How to Create Fundraising That Resonates During the Pandemic


There are two main threats to nonprofit communications in the coming months.

This post is about how to overcome the first challenge: how to modify your fundraising so that it’s relevant to donors, while still following direct response best practices.

Here’s what’s going on in a nutshell:

  1. Your donor is living in a new, different world than she was two months ago.
  2. If your fundraising sounds the same as it did two months ago, you run the risk of sounding out of touch. Irrelevant, even.
  3. How do you modify your fundraising to stay relevant?

Because you can guess how many donations your fundraising communications are going to raise during the slump if they sound out of touch or irrelevant…


I’m not talking about a wholesale change in your message.

But I am talking about recontextualizing why your donor is needed right now, and what your donor’s gift will do.

Which is just a fancy way of saying, modify the way you describe why your donor’s gift is needed. To make it clear you’re talking about right now.

Example Time

First things first: avoid “pandemic-splaining.” You’ve seen this, I’m sure – the e-appeal you received last week where the first three boring paragraphs explained the pandemic.

You don’t need to do this. You might write those paragraphs – I know I have. But you just need to delete them before sending.

You want to acknowledge the new normal, not spend time on it.

Which brings me to a mildly effective way to make your fundraising relevant – tell your donor that her gift is important.

  • “Because now more than ever, your gift is needed to save the whales… “
  • “During this critical time, your gift to support the Arts in Topeka… “

That’s good fundraising, and it’s always important. It’s a powerful message right now because it taps into your donor’s context that the world is a different place.

However, the savvy organizations go one step further – in addition to saying that the donor’s gift is more important, you tell her why it’s more important:

  • “Due to the uncertainty all of us are experiencing, more people than ever are interested in the Gospel. Your gift to share the Word is more effective today than it was just weeks ago. Because more people are more interested in hearing it!”
  • “You’ve probably read that domestic violence has increased since we’ve been sheltering in place. Your gift to provide a night of safety for a victim of domestic abuse is doubly important right now… “
  • “Unfortunately, we’re facing increased food costs that are beyond our budget. Fresh vegetables are more expensive than they’ve ever been. Your gift will help the kids you care so much about by helping meet the increased expenses.”  

Note that the examples have nothing to do with the coronavirus or the medical response to the resulting sickness. These are examples of how organizations that are still being harmed by the current situation can share that harm with their donors.

What You Should Look For

Look for the ways the coronavirus, the economic downturn, and social changes have harmed your organization, beneficiaries, or cause. And look for how your organization’s work has been changed – for better or worse.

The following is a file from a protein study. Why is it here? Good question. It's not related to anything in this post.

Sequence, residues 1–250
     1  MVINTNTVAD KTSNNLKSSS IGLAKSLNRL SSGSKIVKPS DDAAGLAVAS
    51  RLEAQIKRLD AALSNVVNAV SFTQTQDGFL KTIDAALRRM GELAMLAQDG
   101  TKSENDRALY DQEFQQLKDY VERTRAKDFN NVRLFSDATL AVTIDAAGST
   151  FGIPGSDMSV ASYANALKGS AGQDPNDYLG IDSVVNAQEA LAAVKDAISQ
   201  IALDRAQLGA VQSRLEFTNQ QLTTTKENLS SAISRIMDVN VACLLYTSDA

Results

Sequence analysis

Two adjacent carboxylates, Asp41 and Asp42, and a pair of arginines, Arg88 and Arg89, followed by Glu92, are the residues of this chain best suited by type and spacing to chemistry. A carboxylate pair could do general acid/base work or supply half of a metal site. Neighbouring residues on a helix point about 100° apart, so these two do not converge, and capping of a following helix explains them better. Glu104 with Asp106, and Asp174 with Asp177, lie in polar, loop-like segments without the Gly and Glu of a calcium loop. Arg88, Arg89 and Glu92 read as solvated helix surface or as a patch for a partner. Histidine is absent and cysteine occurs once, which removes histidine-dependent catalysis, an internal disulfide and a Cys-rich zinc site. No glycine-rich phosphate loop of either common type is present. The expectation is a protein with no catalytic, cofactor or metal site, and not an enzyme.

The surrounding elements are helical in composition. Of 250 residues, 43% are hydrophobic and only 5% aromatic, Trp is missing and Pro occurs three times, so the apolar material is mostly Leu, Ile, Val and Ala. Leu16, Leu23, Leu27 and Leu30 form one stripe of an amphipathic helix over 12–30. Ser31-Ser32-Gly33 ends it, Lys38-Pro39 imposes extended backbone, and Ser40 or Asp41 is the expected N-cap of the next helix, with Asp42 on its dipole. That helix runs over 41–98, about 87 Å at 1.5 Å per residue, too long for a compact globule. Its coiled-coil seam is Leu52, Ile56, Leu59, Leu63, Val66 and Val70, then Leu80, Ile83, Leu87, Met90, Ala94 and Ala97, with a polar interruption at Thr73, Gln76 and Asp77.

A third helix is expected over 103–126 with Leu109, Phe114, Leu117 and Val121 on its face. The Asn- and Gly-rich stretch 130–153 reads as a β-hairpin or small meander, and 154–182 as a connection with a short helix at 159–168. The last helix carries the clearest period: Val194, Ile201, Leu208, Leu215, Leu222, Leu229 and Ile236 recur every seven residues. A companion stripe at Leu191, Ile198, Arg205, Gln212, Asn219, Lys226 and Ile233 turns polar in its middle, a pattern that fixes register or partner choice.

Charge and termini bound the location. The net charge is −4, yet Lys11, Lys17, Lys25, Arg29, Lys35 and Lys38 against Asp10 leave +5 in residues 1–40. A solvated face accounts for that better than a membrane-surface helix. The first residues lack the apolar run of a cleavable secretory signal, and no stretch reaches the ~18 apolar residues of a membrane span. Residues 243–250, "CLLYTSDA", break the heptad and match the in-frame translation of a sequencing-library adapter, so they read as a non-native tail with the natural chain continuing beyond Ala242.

Use them in your fundraising in the coming months to make your fundraising relevant to your donors.

If your donors are anything like the donors of the organizations we’ve been privileged to communicate with (and they are!), your donors will respond with remarkable compassion and generosity!

The Most Important Information in Appeals and Newsletters

The Most Important Information in Appeals and Newsletters

Information hierarchy.

In a nutshell, some information is more important than others. And you want to communicate the most important information first.

When you create fundraising plans, you need to know what’s more important.

Then you need to make sure your fundraising clearly communicates the most important ideas first.

What’s most important depends on what you’re creating.

When You Are Asking

This happens in appeal letters, e-appeals, at events, and in 1-to-1 asks with major donors.

The most important pieces of information are:

  • There’s a problem right now
  • The donor can solve the problem!
  • The solution to the problem, and its cost
  • The need to respond now

Almost everything else is secondary. Absolutely, you can include other things – but the four things above are the most important elements when Asking your donors for support.

When You Are Reporting

This happens in donor newsletters, e-newsletters, and 1-to-1 reports to major donors.

The most important pieces of information to communicate are:

  • There was a problem
  • The donor solved it!

I know that seems overly simplistic. But it’s true. If your newsletter communicates those two items, your donor will know two powerful things: their gift was needed, and their gift made a difference!

When your donors know those two things, they are far more likely to give to your organization again – because they trust you.

Make It First, Make It Last

As you work on your next piece of donor communications, know what’s most important.

Then make damn sure the most important messages are the first and last messages your donor sees. Those are the portions of your fundraising that a donor is most likely to remember – they are the most important positions, so put your most important messages there.

It takes discipline. And it will feel weird at first. But it works like crazy!